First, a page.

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Carl Heastie

Carl Heastie (pronounced Hasty, born September 25, 1967) is a Democratic politician from New York. Heastie has served in the New York State Assembly since 2000 and was elected Speaker of the New York State Assembly on February 3, 2015.

Carl Heastie
120th Speaker of the New York State Assembly
Assumed office
February 3, 2015
Preceded by Joseph D. Morelle (acting)
Member of the New York State Assembly
from the 83rd district
Assumed office
January 1, 2001
Preceded by Samuel Bea
Personal details
Born (1967-09-25) September 25, 1967 (age 50)
The Bronx, New York, U.S.
Political party Democratic
Alma mater Stony Brook University (B.S.)
Baruch College (M.B.A.)
Website Assembly website

Contents

Education, career and personal lifeEdit

Heastie earned a B.S. in applied mathematics and statistics from Stony Brook University of the State University of New York, and an M.B.A. in finance from Baruch College of the City University of New York. Before his election to the Assembly, Heastie worked as a budget analyst for the New York City Comptroller. He has a young daughter and has never married.[1]

Speaker of New York State AssemblyEdit

In January 2015, Heastie's Assembly colleagues considered him a frontrunner to be elected Speaker, following the arrest of Sheldon Silver on federal corruption charges led by US Attorney Preet Bharara.[2][3] On February 2, Assembly Democrats voted unanimously for Heastie to become the new Speaker, which was formally approved by the full Assembly the next day.[1][4]

Heastie is the first African-American elected to the post. One of his first New York City appearances after becoming speaker was at Al Sharpton's rally in Harlem where he told the crowd, "This is a tremendous opportunity for our community, for the first time, to have one of us sit at the table," and added "All of you are going to be sitting at that table with me for the first time".[5][6]

Member of New York State AssemblyEdit

Heastie was first elected as an Assembly Member in 2000 and represents the 83rd District, which covers the Williamsbridge, Wakefield, Edenwald, Eastchester, and Baychester sections of the Northeast Bronx.

Since joining the Assembly, Heastie became one of the lead negotiators for the construction of a new K-8 school in his district. He has also sponsored legislation to require mandatory reporting of alleged child abuse of students in New York City. He became Chair of the Assembly Labor Committee in 2013.

Heastie became Chair of the Bronx Democratic Party in 2008, a post that he relinquished after becoming Assembly Speaker in 2015.[7][8]

ControversyEdit

In April, 2015 it was revealed that, contrary to a judge's instructions, Heastie had neglected to sell a home that his mother, Helene Heastie, according to prosecutors bought with money embezzled from a nonprofit charity. After his mother's death, Carl Heastie ceased attempts to sell the home, having been advised by his lawyer that he was no longer obligated to do so, and later sold it for a profit of $200,000.[9] An independent forfeiture law expert consulted by the New York Times newspaper agreed, explaining that the judge's order was "probably legally unenforceable without a formal forfeiture agreement," which prosecutors had not obtained. In addition, prosecutors did not follow the judge's instructions to file a civil judgement against Heastie's mother. When asked in 2015 why no civil judgement was sought, the District Attorney's office was unable to explain why this routine filing had not occurred. In 2015, Heastie's office issued a statement about the incident, saying that "the lessons imparted to the speaker [Heastie]... included owning up to mistakes and taking responsibility." [9][10]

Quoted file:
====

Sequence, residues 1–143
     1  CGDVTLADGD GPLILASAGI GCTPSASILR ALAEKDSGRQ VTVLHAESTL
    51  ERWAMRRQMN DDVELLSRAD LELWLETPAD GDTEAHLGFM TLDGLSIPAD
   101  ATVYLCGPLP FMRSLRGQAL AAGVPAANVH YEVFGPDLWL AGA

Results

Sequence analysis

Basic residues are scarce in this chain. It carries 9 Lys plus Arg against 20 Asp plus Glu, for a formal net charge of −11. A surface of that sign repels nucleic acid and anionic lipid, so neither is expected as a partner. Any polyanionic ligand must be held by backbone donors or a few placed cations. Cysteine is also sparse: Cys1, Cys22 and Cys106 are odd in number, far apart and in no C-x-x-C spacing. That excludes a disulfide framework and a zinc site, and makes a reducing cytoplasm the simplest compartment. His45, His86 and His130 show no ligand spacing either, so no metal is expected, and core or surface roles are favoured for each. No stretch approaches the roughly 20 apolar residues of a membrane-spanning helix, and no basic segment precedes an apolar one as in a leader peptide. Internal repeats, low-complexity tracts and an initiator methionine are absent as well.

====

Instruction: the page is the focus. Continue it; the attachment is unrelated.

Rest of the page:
See alsoEdit

ReferencesEdit

  1. ^ a b Kaplan, Thomas (February 3, 2015). "New Speaker in Albany: A Skilled Operator, Embracing Change". New York Times. Retrieved February 14, 2015. 
  2. ^ Fink, Zack (January 30, 2015). "Upstate Assemblyman Drops Out of Race to Replace Silver". NY1 News. Retrieved January 30, 2015. 
  3. ^ Gonzalez, Juan (January 30, 2015). "Carl Heastie on the verge of capturing Assembly Speaker Sheldon Silver's post". New York Daily News. Retrieved January 30, 2015. 
  4. ^ Randolph, Eleanor (February 2, 2015). "Meet Carl Heastie, the Flawed Politician Who Might Lead the N.Y. Assembly". New York Times. Retrieved February 2, 2015. 
  5. ^ Chayes, Matthew (February 5, 2015). "At meeting with Al Sharpton, new Assembly Speaker Carl Heastie says a person of color will now 'sit at the table'". Newsday. Retrieved 1 March 2015. 
  6. ^ "Assembly Speaker Carl Heastie Joins Sharpton’s Saturday Morning NAN Rally". CBS. February 7, 2015. Retrieved 1 March 2015. 
  7. ^ Spector, Joseph; Campbell, Jon (February 2, 2015). "Bronx Democrat to be N.Y. speaker as Silver resigns". USA Today. Retrieved February 14, 2015. 
  8. ^ Klepper, David (February 3, 2015). "Heastie becomes first African-American Assembly speaker". Associated Press. Archived from the original on February 15, 2015. Retrieved February 15, 2015. 
  9. ^ a b Buettner, Russ (April 20, 2015). "Carl Heastie, New York Assembly Speaker, Benefited From Mother's Embezzling". New York Times. 
  10. ^ Smith, Greg (February 3, 2015). "Heastie addresses mom's felony embezzling conviction: 'a sad chapter'". New York Daily News. Retrieved February 9, 2015. 

External linksEdit

New York Assembly
Preceded by
Samuel Bea Jr.
Member of the New York State Assembly
from the 83rd district

2001–present
Incumbent
Political offices
Preceded by
Sheldon Silver
Speaker of the New York State Assembly
2015–present
Incumbent